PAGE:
Cast members of Wit rehearse a scene at The Firehouse Arts and Events Center onJune, 28. // Photo by Kyra Planetz
By Kyra Planetz
Take a stroll down the streets of Fairhaven, walk into almost any shop and the essence of creativity embedded into the community is immediately palpable. With its quirky charm and plethora of locally-crafted paintings and sculptures, some may consider the village a hub for the arts.
Art is rooted in Fairhaven’s community and the Historic Fairhaven Association recently applied to make the village a Certified Creative District of Washington. The Washington State Arts Commission first named Edmonds a Creative District in 2018 and Fairhaven hopes to be second. With the certification, the village would receive grants to help economic development by increasing tourism and promoting its “creative identity,” according to the Washington State Arts Commission’s website.
Several organizations, including the Historic Fairhaven Association and Bellingham TheatreWorks, came together to create the Fairhaven Summer Repertory Theatre. The event begins in July and celebrates the village’s artistic community in the same way becoming a Creative District would do.
The Firehouse Arts and Events Center will be presenting three plays over the span of four weeks. All of them are directed, produced and will star local creatives. When approached by Bellingham TheatreWorks with the idea of creating the Repertory Theatre, Scott Ward, the executive director of the Historic Fairhaven Association, thought it aligned with the process of becoming a Creative District—showcasing the importance art has in influencing the community.
“It felt to me this is exactly the right thing to be coming to Fairhaven because it supports that whole idea, it expands our creative offerings in a way,” Ward said. “It just supports what we are and who we want to be.”
The Repertory Theatre was an annual summer tradition at the Mount Baker Theatre for several years until it disbanded in 2013. Steve Lyons, the producing director at Bellingham TheatreWorks, along with his colleagues and support from the community, wanted to bring back the summer series to the artistic center that is Fairhaven.
“The Summer Rep. series at the Mount Baker Theatre was a staple of the summer arts in Bellingham and when it folded it just left a hole in the arts community,” Lyons said.
This summer’s Repertory Theatre lineup “grew out of community input,” Lyons said. Bellingham TheatreWorks usually choose to produce plays that are somewhat unknown, but after reaching out to the community for suggestions, three Pulitzer Prize-winning and nominated plays were chosen: “The Clean House” by Sarah Ruhl, “Wit” by Margaret Edson and “Cat on a Hot Tin Roof” by Tennessee Williams.
Unintentionally, Lyons said, each play has a central theme of death and dying and all of them feature a strong female lead. “The Clean House” is about coping with change and loss during a chaotic time in one’s life while “Wit” focuses on a 50-year-old woman battling ovarian cancer and coming to terms with death. “Cat on a Hot Tin Roof” features a family in disarray after discovering their father is dying.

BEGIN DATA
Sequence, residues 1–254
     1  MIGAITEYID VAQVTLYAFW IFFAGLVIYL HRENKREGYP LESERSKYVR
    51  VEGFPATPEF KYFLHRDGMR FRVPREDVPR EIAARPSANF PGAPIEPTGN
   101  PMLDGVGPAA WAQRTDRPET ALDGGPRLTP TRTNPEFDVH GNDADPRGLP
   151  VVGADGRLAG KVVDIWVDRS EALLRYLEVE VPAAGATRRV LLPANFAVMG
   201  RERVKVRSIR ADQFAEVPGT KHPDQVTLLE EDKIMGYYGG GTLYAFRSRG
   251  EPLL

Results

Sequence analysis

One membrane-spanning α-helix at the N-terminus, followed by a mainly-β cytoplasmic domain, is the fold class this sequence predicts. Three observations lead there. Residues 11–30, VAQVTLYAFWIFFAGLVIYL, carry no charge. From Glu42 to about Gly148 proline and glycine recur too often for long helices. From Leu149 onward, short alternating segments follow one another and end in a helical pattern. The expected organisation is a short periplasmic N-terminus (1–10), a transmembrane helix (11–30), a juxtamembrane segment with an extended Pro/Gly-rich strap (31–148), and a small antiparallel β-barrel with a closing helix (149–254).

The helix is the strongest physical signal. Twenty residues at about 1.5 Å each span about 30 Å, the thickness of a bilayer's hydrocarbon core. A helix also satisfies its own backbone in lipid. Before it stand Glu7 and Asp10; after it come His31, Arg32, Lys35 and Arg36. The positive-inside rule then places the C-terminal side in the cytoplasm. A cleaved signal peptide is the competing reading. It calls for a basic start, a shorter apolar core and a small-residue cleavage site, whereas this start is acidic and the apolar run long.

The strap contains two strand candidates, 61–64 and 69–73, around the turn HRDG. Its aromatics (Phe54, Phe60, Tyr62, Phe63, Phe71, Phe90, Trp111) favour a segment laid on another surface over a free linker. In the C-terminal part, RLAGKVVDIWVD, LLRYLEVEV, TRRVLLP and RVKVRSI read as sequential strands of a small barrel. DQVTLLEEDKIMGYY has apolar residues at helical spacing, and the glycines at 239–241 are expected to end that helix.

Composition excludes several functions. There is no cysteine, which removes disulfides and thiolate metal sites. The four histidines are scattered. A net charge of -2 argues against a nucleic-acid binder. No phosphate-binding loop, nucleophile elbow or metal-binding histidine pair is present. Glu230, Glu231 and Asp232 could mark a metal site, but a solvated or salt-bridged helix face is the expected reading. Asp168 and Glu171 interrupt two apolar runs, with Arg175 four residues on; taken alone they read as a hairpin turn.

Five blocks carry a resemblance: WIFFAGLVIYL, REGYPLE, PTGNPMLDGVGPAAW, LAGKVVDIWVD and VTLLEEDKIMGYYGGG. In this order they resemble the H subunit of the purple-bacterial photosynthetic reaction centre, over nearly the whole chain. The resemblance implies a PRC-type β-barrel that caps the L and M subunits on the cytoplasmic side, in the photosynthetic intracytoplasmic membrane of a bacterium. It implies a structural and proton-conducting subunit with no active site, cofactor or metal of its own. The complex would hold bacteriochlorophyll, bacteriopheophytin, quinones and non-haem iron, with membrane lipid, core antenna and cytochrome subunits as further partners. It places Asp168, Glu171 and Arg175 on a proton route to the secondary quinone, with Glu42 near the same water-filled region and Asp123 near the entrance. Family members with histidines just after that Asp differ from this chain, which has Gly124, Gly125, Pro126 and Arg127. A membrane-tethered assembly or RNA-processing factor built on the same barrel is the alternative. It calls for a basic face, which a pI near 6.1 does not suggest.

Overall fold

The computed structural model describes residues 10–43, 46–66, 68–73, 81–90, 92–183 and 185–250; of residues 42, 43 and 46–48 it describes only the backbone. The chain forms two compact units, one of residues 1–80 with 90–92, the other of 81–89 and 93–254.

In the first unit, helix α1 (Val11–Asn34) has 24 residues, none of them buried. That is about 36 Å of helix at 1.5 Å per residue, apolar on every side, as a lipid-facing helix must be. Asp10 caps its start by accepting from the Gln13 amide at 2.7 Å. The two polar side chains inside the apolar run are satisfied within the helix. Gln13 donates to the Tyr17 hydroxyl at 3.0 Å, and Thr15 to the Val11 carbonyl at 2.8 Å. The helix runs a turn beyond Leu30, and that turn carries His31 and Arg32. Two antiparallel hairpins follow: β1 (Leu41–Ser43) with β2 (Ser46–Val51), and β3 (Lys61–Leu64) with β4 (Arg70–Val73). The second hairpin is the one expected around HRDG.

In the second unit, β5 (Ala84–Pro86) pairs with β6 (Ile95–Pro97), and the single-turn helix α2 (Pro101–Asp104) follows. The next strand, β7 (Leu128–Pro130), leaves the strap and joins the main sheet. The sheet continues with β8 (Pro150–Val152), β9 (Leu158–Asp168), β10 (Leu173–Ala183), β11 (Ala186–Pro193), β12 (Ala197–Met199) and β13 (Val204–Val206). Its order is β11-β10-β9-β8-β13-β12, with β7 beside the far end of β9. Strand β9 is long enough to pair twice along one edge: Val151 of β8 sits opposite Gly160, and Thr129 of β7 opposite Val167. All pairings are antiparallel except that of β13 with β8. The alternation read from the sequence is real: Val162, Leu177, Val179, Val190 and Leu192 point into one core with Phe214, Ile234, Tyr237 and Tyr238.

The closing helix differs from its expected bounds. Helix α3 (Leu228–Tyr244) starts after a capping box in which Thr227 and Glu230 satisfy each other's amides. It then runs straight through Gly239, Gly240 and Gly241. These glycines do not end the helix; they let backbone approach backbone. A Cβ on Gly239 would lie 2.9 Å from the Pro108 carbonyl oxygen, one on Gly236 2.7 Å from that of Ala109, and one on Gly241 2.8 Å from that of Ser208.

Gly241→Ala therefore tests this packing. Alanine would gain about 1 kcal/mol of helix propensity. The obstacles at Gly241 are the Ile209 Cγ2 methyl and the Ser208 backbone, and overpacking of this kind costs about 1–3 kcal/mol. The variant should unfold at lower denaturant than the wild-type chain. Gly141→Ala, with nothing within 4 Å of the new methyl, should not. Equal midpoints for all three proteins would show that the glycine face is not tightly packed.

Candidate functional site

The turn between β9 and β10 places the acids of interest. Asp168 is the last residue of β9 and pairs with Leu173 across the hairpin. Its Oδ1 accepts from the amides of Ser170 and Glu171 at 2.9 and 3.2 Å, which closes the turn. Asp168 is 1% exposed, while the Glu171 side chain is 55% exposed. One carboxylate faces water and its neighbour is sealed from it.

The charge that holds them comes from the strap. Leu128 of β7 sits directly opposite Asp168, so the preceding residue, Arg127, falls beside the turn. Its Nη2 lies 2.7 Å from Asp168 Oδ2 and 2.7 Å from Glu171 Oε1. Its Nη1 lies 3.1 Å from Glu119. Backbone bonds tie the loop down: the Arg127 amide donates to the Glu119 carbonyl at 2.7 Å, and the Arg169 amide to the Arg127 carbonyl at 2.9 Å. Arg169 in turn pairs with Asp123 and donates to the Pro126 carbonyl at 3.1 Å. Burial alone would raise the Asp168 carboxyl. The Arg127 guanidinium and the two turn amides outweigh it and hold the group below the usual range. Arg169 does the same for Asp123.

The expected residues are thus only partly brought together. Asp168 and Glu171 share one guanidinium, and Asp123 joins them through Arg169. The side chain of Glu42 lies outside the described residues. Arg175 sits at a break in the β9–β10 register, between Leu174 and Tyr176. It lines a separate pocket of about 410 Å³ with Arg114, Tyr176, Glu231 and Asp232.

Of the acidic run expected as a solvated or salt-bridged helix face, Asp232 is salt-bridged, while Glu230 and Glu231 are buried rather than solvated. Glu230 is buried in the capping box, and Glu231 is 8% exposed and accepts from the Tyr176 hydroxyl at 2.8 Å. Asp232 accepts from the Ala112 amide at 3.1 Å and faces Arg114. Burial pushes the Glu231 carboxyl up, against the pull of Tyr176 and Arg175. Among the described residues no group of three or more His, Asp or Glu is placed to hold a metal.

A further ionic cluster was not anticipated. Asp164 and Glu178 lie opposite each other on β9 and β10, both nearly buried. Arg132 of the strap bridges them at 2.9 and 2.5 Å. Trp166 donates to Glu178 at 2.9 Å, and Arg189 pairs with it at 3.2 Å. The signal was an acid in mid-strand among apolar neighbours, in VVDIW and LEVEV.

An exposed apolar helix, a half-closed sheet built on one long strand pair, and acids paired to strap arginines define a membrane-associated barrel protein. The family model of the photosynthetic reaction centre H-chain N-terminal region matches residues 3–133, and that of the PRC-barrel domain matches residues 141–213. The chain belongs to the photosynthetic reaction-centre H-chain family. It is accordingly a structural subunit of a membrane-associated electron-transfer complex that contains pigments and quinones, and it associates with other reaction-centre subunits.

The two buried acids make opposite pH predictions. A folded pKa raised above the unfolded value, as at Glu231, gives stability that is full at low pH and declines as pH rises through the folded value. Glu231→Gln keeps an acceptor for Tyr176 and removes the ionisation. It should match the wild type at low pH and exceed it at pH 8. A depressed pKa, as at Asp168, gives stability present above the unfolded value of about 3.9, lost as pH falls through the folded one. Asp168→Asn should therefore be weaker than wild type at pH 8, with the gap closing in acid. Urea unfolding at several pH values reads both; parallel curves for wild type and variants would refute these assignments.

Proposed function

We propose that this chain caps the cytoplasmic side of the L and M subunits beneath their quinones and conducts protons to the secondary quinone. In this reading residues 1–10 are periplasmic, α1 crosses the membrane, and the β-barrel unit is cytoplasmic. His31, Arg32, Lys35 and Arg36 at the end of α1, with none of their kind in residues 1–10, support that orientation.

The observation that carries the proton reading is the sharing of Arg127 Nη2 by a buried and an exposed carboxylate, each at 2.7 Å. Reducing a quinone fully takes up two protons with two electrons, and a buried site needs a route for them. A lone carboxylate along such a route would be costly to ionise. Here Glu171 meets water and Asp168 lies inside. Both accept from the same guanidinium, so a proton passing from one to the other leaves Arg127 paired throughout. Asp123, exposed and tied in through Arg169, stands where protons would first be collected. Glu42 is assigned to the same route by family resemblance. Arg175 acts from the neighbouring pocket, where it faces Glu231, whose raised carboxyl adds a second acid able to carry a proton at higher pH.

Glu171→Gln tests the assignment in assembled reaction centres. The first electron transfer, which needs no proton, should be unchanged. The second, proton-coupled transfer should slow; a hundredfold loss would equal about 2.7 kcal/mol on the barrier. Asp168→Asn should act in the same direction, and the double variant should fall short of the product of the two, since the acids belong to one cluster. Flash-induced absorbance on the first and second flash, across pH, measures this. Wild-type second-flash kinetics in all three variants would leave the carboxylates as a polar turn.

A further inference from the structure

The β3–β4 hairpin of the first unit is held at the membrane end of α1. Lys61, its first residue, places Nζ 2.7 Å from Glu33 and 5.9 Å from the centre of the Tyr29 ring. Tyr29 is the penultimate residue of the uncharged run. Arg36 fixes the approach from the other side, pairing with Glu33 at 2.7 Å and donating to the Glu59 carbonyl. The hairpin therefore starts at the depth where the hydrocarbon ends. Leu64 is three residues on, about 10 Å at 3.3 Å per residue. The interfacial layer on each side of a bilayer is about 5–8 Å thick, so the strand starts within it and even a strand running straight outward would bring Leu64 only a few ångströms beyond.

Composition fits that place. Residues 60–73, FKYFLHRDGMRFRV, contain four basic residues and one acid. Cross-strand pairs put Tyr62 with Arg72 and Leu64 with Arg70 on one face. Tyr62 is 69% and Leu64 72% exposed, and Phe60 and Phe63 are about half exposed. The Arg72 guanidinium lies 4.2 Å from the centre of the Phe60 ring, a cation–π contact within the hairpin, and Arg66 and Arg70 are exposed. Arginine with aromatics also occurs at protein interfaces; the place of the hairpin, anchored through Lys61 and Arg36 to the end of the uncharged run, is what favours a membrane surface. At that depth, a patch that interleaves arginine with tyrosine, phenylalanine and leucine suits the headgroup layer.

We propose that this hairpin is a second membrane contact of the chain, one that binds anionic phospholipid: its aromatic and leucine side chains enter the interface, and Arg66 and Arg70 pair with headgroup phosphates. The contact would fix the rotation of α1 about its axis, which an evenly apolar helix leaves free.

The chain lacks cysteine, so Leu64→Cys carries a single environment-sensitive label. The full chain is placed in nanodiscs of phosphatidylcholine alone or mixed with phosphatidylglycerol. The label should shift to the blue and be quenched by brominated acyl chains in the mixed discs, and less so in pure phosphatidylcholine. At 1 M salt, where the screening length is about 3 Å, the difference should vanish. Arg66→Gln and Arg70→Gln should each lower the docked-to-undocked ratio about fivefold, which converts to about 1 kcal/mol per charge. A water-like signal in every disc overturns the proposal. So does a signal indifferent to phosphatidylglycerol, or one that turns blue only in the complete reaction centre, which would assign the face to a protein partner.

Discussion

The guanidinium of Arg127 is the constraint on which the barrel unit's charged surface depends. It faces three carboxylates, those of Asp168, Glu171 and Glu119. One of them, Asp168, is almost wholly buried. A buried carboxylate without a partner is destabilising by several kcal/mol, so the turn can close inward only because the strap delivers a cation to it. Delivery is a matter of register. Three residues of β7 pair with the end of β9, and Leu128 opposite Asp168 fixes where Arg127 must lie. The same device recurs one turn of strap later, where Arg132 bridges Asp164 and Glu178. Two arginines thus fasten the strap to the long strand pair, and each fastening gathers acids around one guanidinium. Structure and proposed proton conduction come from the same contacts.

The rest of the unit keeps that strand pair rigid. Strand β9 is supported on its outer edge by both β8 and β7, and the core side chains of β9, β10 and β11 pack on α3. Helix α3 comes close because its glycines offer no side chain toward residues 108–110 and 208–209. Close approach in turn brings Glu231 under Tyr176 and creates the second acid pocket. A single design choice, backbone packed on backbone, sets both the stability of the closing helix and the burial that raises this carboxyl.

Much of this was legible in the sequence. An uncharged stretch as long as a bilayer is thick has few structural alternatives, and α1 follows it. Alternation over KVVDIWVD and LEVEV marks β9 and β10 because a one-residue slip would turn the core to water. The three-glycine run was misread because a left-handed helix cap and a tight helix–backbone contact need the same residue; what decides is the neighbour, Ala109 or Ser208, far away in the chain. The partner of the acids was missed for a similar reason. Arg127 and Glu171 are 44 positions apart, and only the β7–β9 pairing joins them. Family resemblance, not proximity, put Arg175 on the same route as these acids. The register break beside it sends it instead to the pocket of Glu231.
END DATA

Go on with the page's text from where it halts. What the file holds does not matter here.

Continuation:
Directors and cast members of each production only have eight days to rehearse and prepare for opening night. Cast and crew, many of which are Western students, faculty and alumni, put their lives on hold to work on each play. Western alumna Kayla Adams no longer lives in Bellingham but returned for the summer to direct “Wit”
“I don’t know if this really compressed eight-day process would actually work as well if there wasn’t such an amazing theater community in Bellingham specifically,” Adams said. “It’s awesome for established communities as a way to come together and work really hard, get in the dirt and get to know each other to create some cool art really fast.”
Not only does the Repertory Theatre bring artists together in Bellingham, but it also expands the sense of creativity found in Fairhaven. The performances will be held at The Firehouse, a venue that helps community members and tourists gain a better “understanding of the village and what the village can be and do,” Ward said.
If Fairhaven does become an official Creative District, Ward said he is excited about the Repertory Theatre’s potential for the future. He also hopes grant funds will tell a more inclusive history of Fairhaven through art, such as new sculptures depicting women and minorities, instead of just Caucasian men.
The Fairhaven Summer Repertory Theatre will be held six nights a week from Tuesday, July 2 to Sunday, July 28 at The Firehouse Arts and Events Center. For a complete calendar and to purchase tickets visit bellinghamtheatreworks.org.